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    Yugoslav People's Army (1945-1991) Photos

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    Walther von Oldenburg
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    Yugoslav People's Army (1945-1991) Photos

    Post  Walther von Oldenburg on Fri Jul 03, 2015 4:01 pm

    I am searching for phoyos of Yugoslav army. I am mostly interested in photos from 1960s, 70s, and 80s buy you can share any photos from 1945 up to ultimate Yugo dissolution.

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    Re: Yugoslav People's Army (1945-1991) Photos

    Post  Cyberspec on Sun Jul 05, 2015 6:50 am

    Here's a few from the late 50's till 1970's












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    Re: Yugoslav People's Army (1945-1991) Photos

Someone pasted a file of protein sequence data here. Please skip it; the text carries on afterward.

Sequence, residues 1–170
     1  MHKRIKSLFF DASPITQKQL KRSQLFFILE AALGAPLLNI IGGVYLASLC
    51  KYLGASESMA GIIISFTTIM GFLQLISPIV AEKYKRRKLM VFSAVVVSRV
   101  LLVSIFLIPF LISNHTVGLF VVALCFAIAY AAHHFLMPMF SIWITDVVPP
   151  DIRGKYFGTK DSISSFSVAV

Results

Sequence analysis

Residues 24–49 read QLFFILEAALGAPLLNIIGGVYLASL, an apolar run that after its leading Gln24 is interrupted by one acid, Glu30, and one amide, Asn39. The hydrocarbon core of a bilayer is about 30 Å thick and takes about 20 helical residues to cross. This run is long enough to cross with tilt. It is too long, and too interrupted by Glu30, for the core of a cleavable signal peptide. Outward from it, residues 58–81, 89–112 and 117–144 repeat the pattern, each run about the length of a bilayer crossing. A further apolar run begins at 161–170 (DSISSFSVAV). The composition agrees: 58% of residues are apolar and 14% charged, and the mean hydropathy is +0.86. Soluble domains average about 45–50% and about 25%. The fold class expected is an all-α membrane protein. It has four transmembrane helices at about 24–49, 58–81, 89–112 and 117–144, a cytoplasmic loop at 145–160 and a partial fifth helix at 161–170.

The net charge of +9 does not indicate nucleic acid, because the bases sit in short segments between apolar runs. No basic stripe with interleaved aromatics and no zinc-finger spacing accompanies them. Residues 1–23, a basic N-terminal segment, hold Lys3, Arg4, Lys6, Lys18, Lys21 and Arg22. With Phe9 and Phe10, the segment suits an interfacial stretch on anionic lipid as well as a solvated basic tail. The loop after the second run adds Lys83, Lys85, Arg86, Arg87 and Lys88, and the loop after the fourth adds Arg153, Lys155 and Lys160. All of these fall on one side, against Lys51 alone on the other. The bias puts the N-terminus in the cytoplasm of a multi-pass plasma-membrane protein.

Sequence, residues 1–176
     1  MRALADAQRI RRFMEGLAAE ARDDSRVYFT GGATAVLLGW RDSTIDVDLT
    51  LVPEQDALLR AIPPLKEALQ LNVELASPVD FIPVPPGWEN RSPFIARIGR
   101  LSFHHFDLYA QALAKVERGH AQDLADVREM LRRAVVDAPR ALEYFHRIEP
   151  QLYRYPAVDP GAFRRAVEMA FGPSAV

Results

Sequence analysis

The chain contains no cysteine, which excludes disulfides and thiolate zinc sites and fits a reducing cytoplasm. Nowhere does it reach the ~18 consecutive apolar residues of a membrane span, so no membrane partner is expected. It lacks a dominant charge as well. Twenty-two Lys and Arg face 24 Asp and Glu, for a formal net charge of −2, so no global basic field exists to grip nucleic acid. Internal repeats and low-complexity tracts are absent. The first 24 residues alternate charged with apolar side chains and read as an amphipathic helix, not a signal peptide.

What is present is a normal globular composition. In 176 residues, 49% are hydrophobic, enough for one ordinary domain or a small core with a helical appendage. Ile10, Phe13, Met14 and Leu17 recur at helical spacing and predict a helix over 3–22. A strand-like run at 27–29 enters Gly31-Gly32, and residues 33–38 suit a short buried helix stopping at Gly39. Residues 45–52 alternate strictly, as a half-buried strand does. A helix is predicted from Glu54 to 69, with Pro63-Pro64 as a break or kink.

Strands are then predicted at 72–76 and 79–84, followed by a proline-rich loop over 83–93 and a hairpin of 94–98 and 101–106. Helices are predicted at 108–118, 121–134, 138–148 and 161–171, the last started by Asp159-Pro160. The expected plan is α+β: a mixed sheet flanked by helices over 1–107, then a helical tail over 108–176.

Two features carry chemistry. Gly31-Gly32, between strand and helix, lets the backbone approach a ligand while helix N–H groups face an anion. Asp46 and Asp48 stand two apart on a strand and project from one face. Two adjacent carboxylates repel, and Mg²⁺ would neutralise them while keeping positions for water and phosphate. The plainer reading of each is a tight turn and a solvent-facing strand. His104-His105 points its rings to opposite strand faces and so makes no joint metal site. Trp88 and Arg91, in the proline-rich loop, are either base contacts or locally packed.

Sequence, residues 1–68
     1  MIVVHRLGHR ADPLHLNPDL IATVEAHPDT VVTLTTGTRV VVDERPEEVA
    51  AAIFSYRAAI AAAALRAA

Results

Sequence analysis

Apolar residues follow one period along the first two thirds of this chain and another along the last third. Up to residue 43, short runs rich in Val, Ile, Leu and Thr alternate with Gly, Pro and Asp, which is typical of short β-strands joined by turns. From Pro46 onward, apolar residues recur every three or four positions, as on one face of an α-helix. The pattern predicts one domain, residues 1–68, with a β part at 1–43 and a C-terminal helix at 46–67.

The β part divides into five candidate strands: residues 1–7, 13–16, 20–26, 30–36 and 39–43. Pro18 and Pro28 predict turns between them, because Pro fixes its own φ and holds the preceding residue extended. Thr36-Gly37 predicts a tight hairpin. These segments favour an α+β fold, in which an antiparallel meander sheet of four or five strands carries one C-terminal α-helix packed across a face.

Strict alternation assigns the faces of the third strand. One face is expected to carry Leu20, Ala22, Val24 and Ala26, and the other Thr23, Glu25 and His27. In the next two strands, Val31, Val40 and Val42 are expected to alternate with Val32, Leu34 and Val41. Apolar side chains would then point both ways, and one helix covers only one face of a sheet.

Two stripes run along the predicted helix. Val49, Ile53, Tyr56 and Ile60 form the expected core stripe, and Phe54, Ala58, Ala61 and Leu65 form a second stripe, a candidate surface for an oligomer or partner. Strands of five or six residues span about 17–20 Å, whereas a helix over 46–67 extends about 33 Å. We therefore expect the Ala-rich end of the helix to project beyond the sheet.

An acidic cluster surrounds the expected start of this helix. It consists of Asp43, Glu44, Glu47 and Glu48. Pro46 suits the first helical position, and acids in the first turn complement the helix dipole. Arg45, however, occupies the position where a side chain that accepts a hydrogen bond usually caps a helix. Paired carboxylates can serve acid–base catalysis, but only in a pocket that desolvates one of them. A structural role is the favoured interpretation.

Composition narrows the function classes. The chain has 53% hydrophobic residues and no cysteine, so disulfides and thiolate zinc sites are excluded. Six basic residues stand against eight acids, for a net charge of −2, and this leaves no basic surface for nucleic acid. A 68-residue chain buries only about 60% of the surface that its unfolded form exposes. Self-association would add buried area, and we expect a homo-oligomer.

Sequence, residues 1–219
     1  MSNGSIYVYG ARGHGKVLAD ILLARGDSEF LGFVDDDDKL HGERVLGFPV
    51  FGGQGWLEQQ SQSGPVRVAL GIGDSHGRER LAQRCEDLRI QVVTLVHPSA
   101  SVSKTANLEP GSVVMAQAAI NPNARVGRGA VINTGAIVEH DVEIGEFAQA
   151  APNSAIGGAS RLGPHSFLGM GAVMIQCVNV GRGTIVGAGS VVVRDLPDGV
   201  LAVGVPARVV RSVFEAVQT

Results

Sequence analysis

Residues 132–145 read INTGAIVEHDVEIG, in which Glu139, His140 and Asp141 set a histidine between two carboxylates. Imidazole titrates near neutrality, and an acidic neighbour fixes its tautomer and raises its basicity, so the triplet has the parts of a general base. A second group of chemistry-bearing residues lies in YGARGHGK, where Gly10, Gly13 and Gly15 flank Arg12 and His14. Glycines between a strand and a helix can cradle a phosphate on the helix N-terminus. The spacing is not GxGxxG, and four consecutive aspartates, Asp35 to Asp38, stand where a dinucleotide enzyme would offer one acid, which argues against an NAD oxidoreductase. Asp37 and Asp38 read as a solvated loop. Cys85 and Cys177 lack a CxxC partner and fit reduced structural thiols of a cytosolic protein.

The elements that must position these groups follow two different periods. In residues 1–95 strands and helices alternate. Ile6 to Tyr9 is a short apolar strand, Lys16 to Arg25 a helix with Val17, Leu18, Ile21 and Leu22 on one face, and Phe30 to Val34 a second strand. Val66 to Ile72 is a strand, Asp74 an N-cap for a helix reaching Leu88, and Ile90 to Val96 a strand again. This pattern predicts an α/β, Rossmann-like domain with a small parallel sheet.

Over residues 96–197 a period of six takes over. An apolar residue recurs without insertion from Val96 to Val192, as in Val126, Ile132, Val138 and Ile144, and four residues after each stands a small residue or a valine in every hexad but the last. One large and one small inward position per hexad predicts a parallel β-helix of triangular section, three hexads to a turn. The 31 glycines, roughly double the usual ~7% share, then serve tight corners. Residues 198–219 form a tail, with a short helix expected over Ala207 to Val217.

Post  Militarov on Fri Nov 06, 2015 12:53 am












































































































































































































































































































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    Serbian and Yugoslavian military equipment

    Post  Militarov on Fri Dec 18, 2015 5:45 pm

    Few weeks ago someone asked me about Signals and Intelligence and Electronic Warfare capabilities of Serbian-Yugoslavian army, i personally knew about couple of systems i had pleasure seeing during service but none of it was modern or really capable. I assume specialised units like 224th Center for Electronic Warfare operate some 70s/80s equipment which i do not know much about since i served in communications attached to Air Defence. But i found one gem i did not know about and i feel like sharing.